THE BUREAU of Fisheries and Aquatic Resources (BFAR) has launched a campaign to stop the selling of fish imports that are unauthorized for wet markets amid the closed fishing season.
In a statement on Thursday, the BFAR said the information campaign will run from Nov. 24 to Dec. 3 and will cover fish vendors across 21 wet markets in Metro Manila.
The campaign comes after the Department of Agriculture on Nov. 10 issued a certificate of necessity to import (CNI) 25,000 metric tons (MT) of frozen small pelagic fish to address supply gaps during the closed fishing season.
Small pelagic fish include round scad (galunggong), bigeye scad, mackerel, bonito, and moonfish for wet markets.
According to the BFAR, the importation of fish is only allowed until the end of the closed fishing season, which started in November this year and will end in January 2023.
“As the government allows fish importation anew in order to fill in the supply gap while our conservation measures are in place and keep the prices of our fish commodities in the retail markets stable, the BFAR conducts this (campaign) that will help safeguard the livelihood of our local fishers and prevent competition between our local and imported fish products,” BFAR Officer-in-Charge Demosthenes R. Escoto said.
“Only fish imported through Fisheries Administrative Order (FAO) 259 and the recent CNI, which gives priority to municipal fishing associations/cooperatives and commercial fishing operators affected by the closed fishing season, are allowed to be sold in the wet markets,” he added.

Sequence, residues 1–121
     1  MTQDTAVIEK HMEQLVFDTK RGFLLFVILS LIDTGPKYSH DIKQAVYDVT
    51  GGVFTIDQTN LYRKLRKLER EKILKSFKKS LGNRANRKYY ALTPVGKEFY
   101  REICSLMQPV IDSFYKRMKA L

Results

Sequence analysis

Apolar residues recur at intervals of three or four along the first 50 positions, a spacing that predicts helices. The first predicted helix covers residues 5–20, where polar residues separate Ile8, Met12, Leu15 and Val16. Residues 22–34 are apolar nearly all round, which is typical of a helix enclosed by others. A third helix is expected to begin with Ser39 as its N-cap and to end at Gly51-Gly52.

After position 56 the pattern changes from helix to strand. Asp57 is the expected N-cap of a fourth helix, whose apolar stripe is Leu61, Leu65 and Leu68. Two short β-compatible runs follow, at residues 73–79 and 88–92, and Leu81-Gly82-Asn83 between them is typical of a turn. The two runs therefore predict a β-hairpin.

Under FAO 259, fish imports are allowed for wet markets via CNI only during the closed fishing season or the occurrence of calamities.
Meanwhile, the BFAR said that it is also implementing efforts to dissuade importation-related violations.
“One of the agency’s immediate steps concurrent with the importation for wet markets is the suspension, with few exceptions, of the issuance of Sanitary and Phytosanitary Import Clearances for the importation of round scad, mackerel, bonito, moonfish, pompano and tuna by-products under FAO 195,” the BFAR said.
“This is expected to minimize, if not completely eliminate, opportunities that may be exploited by violators.”
The agency is also stepping up control measures on importation “such as strengthening border control through seaport/airport and cold storage warehouse inspections, including mandatory X-ray inspection of all reefer vans, and deployment of additional personnel for the first and second borders inspection.” — Revin Mikhael D. Ochave